A 17-year-old student who posted on his blog site that he was being bullied and threatened by the Plainfield School District will face an expulsion hearing this week, a local attorney said.
Superintendent John Harper, who cannot comment on student cases, said the district will take action if it believes there is a safety issue. Meanwhile a spokesman for the American Civil Liberties Union said school districts must be careful not to discipline students on matters that occur outside school. The student's attorney believes Plainfield School District is overstepping its boundaries.
"The district is going to take away the student's education for exercising his freedom of speech," said attorney Carl Buck. "I feel like they are trying to control his freedom of speech. ... He is saying, 'You can't bully people and we have a right to object and you can't throw people out of school for voicing their opinions.'"
On May 1, the student posted a letter to Plainfield School District on www.xanga.com , telling off the district, using vulgar words and saying he could put whatever he wanted on his site.
On a second post on May 2, without mentioning the school the student wrote: "I feel threatened by you, I cant even have a public Web page with out you bullying me and telling me what has to be removed. Where is this freedom of speech that this government is sworn to uphold? ... Did you ever stop to think this will start a community backlash? The kids at Columbine did what the did because they were bullied. ... In my opinion you are the real threat here. None of us ever put in our xanga's that they were going to kill or bring harm to any one. We voiced our opinions. You are the real threat here. you are depriving us of our right to learn. now stick that in your pipe and smoke it."
Sites like www.myspace.com and www.xanga.com are blocked from most school district computers. These sites are controversial because students often post too much information -- everything from addresses and phone numbers to provocative photos -- making them vulnerable to sexual predators.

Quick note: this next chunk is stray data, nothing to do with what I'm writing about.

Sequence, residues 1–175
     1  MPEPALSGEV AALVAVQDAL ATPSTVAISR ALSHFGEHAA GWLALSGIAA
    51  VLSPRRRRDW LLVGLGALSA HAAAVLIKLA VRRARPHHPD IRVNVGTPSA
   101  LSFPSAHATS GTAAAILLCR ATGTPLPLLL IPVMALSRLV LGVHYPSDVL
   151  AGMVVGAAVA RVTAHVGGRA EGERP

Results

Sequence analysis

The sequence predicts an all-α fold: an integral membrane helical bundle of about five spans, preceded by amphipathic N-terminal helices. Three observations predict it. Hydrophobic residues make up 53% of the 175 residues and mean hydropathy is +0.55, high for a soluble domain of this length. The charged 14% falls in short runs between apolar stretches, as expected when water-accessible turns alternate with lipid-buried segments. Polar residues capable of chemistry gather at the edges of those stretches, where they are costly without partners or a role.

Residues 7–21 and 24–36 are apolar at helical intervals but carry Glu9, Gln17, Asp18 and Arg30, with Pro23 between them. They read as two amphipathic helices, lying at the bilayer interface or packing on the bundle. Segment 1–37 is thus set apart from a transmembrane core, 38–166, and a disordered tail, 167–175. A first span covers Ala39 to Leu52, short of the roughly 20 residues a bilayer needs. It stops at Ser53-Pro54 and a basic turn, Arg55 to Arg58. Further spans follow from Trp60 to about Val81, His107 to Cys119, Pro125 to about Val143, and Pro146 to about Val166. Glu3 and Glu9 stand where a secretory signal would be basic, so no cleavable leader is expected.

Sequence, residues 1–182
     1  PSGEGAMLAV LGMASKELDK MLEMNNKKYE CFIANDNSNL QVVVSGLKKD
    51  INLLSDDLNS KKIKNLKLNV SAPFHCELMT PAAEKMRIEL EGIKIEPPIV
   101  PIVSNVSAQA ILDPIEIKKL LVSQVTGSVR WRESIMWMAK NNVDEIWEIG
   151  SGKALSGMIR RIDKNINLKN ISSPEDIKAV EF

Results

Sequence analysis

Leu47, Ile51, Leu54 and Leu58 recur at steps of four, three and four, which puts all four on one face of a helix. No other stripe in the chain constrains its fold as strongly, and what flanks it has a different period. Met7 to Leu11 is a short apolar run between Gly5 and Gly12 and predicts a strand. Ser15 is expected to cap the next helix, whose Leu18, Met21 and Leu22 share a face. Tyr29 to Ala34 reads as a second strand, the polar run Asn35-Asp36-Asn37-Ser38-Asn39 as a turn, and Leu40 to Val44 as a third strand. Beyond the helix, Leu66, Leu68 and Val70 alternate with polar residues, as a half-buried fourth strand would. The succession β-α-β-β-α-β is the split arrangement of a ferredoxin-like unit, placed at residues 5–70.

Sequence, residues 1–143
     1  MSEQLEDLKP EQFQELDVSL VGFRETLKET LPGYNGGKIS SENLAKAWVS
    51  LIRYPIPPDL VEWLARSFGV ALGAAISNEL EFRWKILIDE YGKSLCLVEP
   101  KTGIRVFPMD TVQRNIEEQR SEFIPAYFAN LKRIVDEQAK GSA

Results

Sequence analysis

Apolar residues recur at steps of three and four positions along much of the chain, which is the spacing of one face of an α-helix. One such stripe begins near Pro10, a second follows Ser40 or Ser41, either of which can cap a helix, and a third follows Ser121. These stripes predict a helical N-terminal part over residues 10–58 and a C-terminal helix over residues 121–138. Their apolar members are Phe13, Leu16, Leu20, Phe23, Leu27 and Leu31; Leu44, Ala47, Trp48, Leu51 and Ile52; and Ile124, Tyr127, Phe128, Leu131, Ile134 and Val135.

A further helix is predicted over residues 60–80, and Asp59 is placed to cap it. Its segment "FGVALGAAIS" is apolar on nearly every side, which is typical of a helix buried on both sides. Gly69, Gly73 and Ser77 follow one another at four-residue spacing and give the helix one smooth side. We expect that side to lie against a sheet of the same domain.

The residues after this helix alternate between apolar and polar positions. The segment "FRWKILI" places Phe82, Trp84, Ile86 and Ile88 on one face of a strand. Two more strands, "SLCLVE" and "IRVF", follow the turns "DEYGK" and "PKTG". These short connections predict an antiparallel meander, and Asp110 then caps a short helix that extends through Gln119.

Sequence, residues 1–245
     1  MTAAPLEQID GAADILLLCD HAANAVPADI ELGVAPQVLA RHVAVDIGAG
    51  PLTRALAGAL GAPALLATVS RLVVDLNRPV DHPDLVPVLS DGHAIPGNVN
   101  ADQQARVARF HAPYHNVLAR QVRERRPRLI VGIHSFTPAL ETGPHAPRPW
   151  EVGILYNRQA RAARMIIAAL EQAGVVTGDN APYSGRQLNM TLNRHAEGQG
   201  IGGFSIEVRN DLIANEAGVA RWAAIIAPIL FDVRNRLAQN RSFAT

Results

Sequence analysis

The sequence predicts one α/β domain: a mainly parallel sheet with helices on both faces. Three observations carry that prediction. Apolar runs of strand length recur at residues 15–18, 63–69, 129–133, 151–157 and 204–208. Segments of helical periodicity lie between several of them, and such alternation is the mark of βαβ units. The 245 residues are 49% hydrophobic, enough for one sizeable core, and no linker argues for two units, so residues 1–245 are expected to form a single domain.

"Our beef is it wasn't a threat. It wasn't at school," Buck said. "He doesn't name any individuals. What he is commenting on is their disciplinary action on the Freedom of Speech."
The student's mother said the district suspended her son for 10 days for inappropriate comments and vague threats. She thinks the school is overreacting. "I asked, 'If this is such a serious threat, did you call the FBI?' They said, 'No, we don't have time for this.' I asked, 'Did you call the Joliet police?' and they said, 'no.'"
In most cases, posting strong feelings and opinions on the Internet is not a crime, said Fred Hayes, deputy chief for Joliet Police Department. "Now, they can post it on a Web site. We are not seeing an explosion of new feelings or expressions from students. What you are seeing is the availability of technology to share that with quite a few people," Hayes said.
"It is not a crime to write things on the Internet – though we find them offensive, troubling and disheartening, it is not a crime," Hayes said.
Still, it's a very fine line. "If a student wrote, 'I'm so frustrated I wish the school would blow up' — that would not be a crime," Hayes explained. However, "if a student were to post on a Web site ... at 2 p.m. a bomb will go off in a school -- that would probably cross a line to a crime."
The above paragraph is right. I do believe that the school is over stepping it's bounds here.